The Baby Monkey

I have included some photos here that were taken by my friend and are copyrighted by Darvinia Amazonia Reserve.  These may not be copied and used without the expressed permission of the photographer.

Sabado – 24Apr10

Not my Mother’s Camping Trip

Yesterday, as usual, after my shower (fresh cold river water in a bucket – forget that solar-heated stuff) I put on shorts and sprayed my now bare legs with eucalyptus oil, presumably efficient at warding off mosquitoes.  Later in the day I went into the kitchen to boil water (over the wood fire) for tea for Mary and myself.  While waiting for the water to boil I must have killed 15 mosquitoes, on my legs.  I made up a dance for the kids, slapping by body here and there, to a tune like La Cucaracha.  They got a kick out of that.

Nati does a lovely job of arranging the sliced food on the serving plates, usually to look like a flower.  For breakfast, coffee, a plate of verduras – sweet potato, plantain.  Another of frutas – orange, papaya, banana, mandarin orange, with the lime I ask for at every meal.  Every other day rice and an egg added.    Jim’s trying to convince Nati that we’d prefer them not hard-cooked.  I’m drying for a piece of bread.  How did I make it in China?

For lunch rice, beans (every day different as we bought so many varieties, but we ended up prefering the lentils), and the same frutas.  Plus an orange was squeezed for my drink while my friends split a beer.  Dinner – rice, the same vegetable plate but with carrots added, fish (piranha?), and the same fruit.

I felt sorry for Rebecca.  Guess she had given up begging at our dining tent (hands spayed on the screen, tongue lapping in and out) and was foraging on the vegetation over the river.  She is only one year old and seemed to get no affection from anyone (except me).  The villages sometimes find infant monkeys on the forest floor who have fallen from their mothers who won’t retrieve them if humans (or other predators) are around.  So they raise them, let them range free, and when they reach sexual maturity they go off with a troop.

You’re going to laugh at me.  The sunscreen was barely working on my hands with the malaria medicine side effect.  The backs of my hands and thumbs were burned.  (My face and neck were protected by my hat.)  This morning I had the inspiration to put light-weight socks on my hands.  Remember the puppet Lambchop?  I had two of ‘em.  With my thumbs in the toes I was having no trouble writing or using Mary’s binoculars.  Just another eccentric American woman thing.  Also, I brought one of the woven fans onboard for when the sun comes out and we’re becalmed.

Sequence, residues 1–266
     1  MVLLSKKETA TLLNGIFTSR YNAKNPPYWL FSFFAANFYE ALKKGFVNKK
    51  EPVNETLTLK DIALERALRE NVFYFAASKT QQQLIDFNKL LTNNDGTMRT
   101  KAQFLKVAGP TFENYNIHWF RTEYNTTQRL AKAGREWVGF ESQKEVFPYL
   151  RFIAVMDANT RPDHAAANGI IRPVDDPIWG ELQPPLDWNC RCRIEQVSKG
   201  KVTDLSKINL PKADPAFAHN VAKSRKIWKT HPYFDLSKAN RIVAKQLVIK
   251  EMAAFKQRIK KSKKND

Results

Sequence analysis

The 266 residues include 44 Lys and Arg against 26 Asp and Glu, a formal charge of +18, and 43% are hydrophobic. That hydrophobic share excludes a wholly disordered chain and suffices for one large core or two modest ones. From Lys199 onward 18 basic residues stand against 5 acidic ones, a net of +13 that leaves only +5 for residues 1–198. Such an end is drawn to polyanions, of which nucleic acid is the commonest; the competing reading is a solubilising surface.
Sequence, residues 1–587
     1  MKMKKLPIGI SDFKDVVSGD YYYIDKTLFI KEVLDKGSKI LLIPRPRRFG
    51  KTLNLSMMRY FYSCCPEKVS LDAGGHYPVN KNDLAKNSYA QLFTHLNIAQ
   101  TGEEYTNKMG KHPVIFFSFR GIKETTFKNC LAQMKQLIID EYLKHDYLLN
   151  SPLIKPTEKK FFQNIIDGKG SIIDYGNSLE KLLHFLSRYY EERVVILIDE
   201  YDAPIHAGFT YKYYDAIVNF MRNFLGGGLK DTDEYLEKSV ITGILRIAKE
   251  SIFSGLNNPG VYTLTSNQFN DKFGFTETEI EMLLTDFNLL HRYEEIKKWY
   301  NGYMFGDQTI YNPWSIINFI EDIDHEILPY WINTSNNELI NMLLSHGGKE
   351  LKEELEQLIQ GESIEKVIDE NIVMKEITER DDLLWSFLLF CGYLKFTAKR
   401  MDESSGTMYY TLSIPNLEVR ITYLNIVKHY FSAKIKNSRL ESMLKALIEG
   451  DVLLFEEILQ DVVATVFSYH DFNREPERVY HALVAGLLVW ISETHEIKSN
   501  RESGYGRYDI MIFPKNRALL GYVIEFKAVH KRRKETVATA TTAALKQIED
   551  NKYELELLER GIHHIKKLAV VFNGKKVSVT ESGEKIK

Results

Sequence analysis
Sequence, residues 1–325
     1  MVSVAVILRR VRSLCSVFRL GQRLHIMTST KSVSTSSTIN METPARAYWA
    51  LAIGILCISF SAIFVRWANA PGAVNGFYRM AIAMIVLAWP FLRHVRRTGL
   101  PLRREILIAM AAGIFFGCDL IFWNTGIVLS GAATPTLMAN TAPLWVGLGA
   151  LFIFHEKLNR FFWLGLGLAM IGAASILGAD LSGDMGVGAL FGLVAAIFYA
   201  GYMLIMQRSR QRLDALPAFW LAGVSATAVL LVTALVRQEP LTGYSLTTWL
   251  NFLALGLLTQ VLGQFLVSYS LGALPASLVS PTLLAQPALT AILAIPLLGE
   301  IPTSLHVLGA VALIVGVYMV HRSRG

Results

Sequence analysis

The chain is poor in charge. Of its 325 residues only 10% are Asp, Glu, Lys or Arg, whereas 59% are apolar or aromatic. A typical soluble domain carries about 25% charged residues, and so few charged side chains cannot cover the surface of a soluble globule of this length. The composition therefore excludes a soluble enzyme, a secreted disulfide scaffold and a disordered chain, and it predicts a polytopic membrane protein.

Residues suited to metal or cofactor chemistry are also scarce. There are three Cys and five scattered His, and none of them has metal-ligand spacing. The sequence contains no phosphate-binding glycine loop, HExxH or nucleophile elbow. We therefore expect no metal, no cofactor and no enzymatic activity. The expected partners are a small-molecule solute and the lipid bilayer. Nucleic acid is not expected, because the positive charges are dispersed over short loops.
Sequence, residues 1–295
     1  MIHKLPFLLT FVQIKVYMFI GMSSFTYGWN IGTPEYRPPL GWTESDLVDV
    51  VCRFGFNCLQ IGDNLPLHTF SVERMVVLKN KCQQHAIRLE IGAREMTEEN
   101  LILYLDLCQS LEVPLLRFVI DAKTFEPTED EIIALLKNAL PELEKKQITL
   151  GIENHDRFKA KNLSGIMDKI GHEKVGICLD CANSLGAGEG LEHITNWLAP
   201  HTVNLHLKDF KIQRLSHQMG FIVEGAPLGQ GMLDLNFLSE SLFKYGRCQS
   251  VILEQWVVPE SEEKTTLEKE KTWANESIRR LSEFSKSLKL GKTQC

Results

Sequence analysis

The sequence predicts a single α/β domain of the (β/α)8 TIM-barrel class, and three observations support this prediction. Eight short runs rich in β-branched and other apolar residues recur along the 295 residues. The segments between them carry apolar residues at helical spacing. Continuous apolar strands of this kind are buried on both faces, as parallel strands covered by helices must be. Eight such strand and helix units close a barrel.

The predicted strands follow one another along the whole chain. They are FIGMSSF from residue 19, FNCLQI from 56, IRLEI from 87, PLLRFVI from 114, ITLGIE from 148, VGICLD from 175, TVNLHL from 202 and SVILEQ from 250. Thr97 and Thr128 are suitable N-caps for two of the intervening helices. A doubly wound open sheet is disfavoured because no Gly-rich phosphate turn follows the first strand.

The Sounds of the Jungle

It’s a good thing macaws are gorgeous because in a flock they create a dreadful cacophony.  Two white-eared jacamars with long orange very pointed beaks and white patches behind the eyes.   I borrowed Mary’s binoc’s today, sorry that I just hadn’t put down the cash for a good pair for myself.  (I was trying not to buy anything new.)  Yesterday I had not carried them.

Arturo cut the motor and there were the varied bird calls, the background din of insects, and the splash of one fish in the water.  Mary showed me a lovely green grasshopper on her hand.  She photographed dusky titi monkeys in a vine-covered tree; she has better eyes than I do. 

These hand socks were hot.  I waited for the morning haze to lift before I wore them.  In preparation for a long morning (we started at 6) we packed dried bananas. 

A woodpecker, one chop only, like an axe.  A trilled brdebr.  A cheeped chatchatchat.  A br br br br call.  The gurgling and foam of a stream (or emptying section of forest) entered the river.  A chattering chur chur chur.  A high chirrup chirrup.  A low chut chut chut and churchurchurchur.  Middle range wachury wachury wachury and squawk.  A tree dropped in the forest, but we heard it.  Whoa woa woa.

The toucan had a chuckling laugh, like Santa, fast forwarded.  A heron flew away, beyond the bend, in a flurry of white.  We slipped through a veil of air roots.

A gorgeous arboreal anteater, his body dark brown, his appendages gold except for his nose and the end of his tail dark brown.  Not concerned with us he was four meters away.  His feet, strange to say, were barely grasping, more like a human baby’s, fat with pudgy toes, pigeon-toed.  

The paddle created dual whirlpools with each dip.  A sleek meter-long green snake (a black-skinned – even though it’s green – parrot snake)dashed up a tree, fleeing us, from an overhanging branch.

A loud chill-cha-juda chill-cha-juda.  Whir-pa-gino whir-pa -gino whir-pa-ginoWeir-chochochocho Weir-chochochocho.  Ani birds, spaced around each bend, standing sentry.  A whole tree gargled but we only saw the sentries.  I would have loved to record these sounds for my blog site!

The Baby Monkey

Narrow trail, not up to US Forest Service.  What looked like a reddish-brown woodpecker with a black head and white on its wings.  A miniscule yellow flower without leaves, all by itself; Mary said they’re sacred. 

White-faced (monk saki with their nonprehensile tails?) monkeys crashed through the treetops towards us.  (They should be called a “crash”, not a “troop”.)  A few stopped and stared down at us, curiously.  Arturo shook a young tree and a baby dropped from its mother to the forest floor!